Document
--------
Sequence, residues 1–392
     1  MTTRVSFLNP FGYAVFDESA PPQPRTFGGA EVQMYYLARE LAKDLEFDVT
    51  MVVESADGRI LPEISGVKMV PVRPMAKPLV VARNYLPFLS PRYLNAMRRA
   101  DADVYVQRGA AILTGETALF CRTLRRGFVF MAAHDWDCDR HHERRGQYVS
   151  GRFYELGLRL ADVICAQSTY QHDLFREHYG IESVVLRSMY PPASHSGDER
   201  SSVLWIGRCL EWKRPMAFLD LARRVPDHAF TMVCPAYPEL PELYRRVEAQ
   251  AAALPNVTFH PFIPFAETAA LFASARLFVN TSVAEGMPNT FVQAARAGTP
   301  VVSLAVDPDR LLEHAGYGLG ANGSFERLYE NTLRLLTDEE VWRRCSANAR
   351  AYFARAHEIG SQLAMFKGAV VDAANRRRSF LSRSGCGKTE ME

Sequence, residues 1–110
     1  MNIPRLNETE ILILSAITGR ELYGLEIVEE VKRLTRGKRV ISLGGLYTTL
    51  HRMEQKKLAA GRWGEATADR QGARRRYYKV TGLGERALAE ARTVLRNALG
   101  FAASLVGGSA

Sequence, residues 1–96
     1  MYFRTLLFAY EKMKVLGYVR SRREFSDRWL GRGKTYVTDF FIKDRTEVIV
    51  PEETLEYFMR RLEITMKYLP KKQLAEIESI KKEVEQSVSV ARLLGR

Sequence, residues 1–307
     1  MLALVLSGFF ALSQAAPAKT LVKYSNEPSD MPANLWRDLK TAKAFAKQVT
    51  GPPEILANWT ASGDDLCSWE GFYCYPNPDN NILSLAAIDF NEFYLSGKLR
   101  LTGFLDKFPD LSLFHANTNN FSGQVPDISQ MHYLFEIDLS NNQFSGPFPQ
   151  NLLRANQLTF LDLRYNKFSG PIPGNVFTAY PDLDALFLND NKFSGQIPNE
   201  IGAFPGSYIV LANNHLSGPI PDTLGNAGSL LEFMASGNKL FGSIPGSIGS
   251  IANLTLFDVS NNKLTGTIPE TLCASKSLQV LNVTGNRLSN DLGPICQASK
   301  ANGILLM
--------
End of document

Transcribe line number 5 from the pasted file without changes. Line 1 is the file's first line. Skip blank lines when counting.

   151  GRFYELGLRL ADVICAQSTY QHDLFREHYG IESVVLRSMY PPASHSGDER